The Panthers are scoring plenty, led by their 43-year-old wunderkind Jaromir Jagr, but their underpinning of their success over the past three weeks has been defense and goaltending. The Panthers have outscored their opponents 33-12 9 in regulation time during the streak, meaning they’ve averaged just over a goal a game against during their run.

So it should come as no surprise that the Panthers are at the top of thn.com’s weekly Power Rankings for the first time this season. After all, is there any team in the league you’d rather face than the Panthers at the moment? (Rankings from Dec. 23 are in parentheses.)

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Power Rankings: Capitals pile up the wins in a variety of ways

Ken Campbell
The Capitals celebrate their sixth straight win.  (Photo by Gregg Forwerck/NHLI via Getty Images)

The Washington Capitals can win it any way you’d like. Get down a couple of goals? Not a problem, they’ll just pour it on and come back. Need to get down and gritty? They’ve got that covered too, winning their sixth straight game on the weekend with two goals from their bottom-six forwards and using their backup goalie Philipp Grubauer.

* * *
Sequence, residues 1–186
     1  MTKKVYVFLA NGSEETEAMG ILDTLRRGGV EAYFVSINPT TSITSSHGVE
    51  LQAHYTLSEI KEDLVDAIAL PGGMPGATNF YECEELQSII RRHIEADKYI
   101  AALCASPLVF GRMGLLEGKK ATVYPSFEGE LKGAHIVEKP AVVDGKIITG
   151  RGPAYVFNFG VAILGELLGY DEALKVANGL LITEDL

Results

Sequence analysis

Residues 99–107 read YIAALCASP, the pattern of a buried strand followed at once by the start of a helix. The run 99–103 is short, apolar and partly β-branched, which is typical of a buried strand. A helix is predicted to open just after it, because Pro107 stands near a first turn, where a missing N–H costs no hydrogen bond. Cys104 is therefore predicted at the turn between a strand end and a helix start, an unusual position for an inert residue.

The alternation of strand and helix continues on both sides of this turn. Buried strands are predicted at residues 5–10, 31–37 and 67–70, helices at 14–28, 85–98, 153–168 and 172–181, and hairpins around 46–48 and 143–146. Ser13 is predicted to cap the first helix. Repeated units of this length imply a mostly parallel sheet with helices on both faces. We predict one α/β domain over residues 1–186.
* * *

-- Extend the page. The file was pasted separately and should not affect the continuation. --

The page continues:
That’s why the Capitals have become a fixture at or near the top of thn.com’s Power Rankings this season. The Capitals have teased us before with great regular seasons, but this one just seems to have a different feel to it. These guys look like they’re for real.

And they go into the Christmas break as the No. 1 team in the Eastern Conference standings and in our Power Rankings. (Last week’s rankings in parentheses.)

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Power Rankings: Caps and Stars NHL’s models of consistency

Ken Campbell
Washington Capitals (Photo by Gregory Shamus/NHLI via Getty Images)

There’s no secret to why the Washington Capitals and Dallas Stars occupy the top two spots in the NHL standings and in thn.com’s Power Rankings this week. It’s because they’ve both been models of consistency this season.

In fact, they’re the only two teams in the NHL that have not lost successive games so far this season. The Capitals, in fact, are the hottest team in the league with an 8-1-1 record in their past 10 and a stretch in which they’ve picked up at least one point in 13 of their past 15 games. (Last week’s rankings in parentheses.)